Perhaps nowhere is the disconnect between private citizens’ views and those of the government clearer than when it comes to the role of religion in society. Acton Institute President and Co-founder Rev. Robert A. Sirico told a nationally syndicated radio program that state orders that effectively ban clergy from caring for sick patients represent “the marginalization of religion as a non-essential service,” and this “flies in the face of our entire history as an American republic.”
“Who knows best what is needed?” Rev. Sirico asked on the Monday, May 11 episode of The Dan Proft Show, which airs nationally on the Salem Radio Network from 9 p.m. to midnight Eastern time.
Allowing the government to bar clergy from nursing homes and other facilities where pastoral care is needed “sets the precedent,” Rev. Sirico said.
It sends a message that somehow religion is marginal. The access to clergy to hospitals is another example of it. You have food service and you have people who clean those rooms, but you can’t have a clergyman stand by the bedside of a dying person and send them off into eternity?
Such a mindset, he said, is rooted in secularism and scientism. It also legitimizes government intervention in church affairs:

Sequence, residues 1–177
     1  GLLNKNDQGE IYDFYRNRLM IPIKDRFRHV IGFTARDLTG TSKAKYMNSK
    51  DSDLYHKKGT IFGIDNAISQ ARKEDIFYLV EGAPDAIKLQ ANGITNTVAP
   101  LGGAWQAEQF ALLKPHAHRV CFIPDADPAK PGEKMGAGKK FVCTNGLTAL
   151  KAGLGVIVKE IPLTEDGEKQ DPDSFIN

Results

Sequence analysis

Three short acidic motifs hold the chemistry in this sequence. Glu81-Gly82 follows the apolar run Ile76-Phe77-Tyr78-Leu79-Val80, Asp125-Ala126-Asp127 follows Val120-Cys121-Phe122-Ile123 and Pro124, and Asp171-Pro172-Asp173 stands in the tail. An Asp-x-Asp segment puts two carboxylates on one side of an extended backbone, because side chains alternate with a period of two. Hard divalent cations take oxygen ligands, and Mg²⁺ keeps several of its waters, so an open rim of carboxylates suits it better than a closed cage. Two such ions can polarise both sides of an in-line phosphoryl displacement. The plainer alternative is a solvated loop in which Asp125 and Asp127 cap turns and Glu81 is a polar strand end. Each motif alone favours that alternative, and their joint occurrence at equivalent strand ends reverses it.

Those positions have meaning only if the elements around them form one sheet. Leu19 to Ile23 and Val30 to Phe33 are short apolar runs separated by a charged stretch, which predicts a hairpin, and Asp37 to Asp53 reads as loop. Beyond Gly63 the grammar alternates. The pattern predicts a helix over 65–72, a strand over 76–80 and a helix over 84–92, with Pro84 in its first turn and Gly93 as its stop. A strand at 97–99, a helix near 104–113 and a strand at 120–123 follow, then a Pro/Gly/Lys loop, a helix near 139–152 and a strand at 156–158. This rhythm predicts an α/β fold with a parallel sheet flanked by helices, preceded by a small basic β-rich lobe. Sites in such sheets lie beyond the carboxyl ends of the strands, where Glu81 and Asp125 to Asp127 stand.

They regulate our soup kitchens. They regulate our schools. They regulate our hospitals and our orphanages. And this is just another way of intruding.
The 14-minute interview also discusses churches receiving federal bailouts, why he doesn’t like the word “capitalism,” why the free market is the best system for a free society (as discussed in his book Defending the Free Market), why confiscatory taxation forces religious parents to pay twice for their children’s education, and how Americans must be “far more innovative than thinking of the state as the first resource that we turn to in everything.”
You can listen to the full program below:
If you prefer to listen to podcasts on an iPod or similar device, you can download the MP3 here.